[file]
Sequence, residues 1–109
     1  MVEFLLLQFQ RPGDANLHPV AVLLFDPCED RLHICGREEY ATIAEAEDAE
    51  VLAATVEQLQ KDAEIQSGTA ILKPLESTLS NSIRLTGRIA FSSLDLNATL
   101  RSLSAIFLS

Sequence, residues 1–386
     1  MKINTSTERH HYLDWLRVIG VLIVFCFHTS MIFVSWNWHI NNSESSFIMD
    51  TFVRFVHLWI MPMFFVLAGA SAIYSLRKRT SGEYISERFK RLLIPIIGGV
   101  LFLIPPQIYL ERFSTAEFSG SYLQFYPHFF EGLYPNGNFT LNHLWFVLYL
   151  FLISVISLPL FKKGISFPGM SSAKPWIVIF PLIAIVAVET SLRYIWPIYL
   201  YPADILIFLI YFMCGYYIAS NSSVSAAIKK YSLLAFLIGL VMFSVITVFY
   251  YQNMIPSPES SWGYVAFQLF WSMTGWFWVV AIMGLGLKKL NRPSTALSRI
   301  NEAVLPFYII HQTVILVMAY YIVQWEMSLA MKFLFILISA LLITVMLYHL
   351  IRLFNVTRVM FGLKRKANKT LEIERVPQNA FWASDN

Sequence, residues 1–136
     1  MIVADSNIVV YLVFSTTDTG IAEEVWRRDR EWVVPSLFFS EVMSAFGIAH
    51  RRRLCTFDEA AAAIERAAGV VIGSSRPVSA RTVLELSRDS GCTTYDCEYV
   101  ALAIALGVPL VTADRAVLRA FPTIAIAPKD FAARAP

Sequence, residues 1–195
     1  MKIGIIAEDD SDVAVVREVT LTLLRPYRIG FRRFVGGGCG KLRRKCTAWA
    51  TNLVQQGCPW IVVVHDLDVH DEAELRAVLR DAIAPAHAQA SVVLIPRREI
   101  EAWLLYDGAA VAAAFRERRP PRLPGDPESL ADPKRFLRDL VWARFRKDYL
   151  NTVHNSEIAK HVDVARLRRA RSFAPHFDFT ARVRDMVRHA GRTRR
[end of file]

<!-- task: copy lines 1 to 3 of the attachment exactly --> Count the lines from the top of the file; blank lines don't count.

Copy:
Sequence, residues 1–109
     1  MVEFLLLQFQ RPGDANLHPV AVLLFDPCED RLHICGREEY ATIAEAEDAE
    51  VLAATVEQLQ KDAEIQSGTA ILKPLESTLS NSIRLTGRIA FSSLDLNATL